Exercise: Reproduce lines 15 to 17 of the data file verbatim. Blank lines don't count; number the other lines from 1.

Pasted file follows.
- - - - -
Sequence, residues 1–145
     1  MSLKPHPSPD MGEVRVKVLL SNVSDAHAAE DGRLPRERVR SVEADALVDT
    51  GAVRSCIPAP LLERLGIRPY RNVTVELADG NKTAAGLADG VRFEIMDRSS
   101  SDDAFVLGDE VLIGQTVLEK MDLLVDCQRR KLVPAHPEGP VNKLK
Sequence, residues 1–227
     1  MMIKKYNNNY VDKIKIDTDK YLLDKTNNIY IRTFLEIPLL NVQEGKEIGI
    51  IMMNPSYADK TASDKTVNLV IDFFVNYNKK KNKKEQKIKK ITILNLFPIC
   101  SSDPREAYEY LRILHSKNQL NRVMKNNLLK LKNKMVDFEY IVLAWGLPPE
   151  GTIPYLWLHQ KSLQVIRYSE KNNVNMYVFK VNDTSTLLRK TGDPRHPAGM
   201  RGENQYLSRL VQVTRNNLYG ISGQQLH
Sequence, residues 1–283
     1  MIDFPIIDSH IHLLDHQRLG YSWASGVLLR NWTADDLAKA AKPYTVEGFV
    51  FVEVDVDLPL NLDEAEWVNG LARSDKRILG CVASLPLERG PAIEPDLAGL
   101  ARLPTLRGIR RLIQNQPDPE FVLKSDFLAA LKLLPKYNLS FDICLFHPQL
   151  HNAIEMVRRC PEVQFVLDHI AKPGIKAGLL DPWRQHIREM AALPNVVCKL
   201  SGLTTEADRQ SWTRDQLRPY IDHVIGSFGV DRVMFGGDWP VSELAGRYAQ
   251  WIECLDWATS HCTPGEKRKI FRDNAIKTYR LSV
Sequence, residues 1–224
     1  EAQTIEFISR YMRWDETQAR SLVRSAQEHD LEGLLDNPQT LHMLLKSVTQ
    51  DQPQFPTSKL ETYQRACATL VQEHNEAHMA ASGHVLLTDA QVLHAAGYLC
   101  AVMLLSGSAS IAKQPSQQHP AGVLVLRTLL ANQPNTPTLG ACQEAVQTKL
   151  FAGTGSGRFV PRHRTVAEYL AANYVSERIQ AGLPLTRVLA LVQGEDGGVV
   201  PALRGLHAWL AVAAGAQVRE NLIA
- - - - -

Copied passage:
   151  HNAIEMVRRC PEVQFVLDHI AKPGIKAGLL DPWRQHIREM AALPNVVCKL
   201  SGLTTEADRQ SWTRDQLRPY IDHVIGSFGV DRVMFGGDWP VSELAGRYAQ
   251  WIECLDWATS HCTPGEKRKI FRDNAIKTYR LSV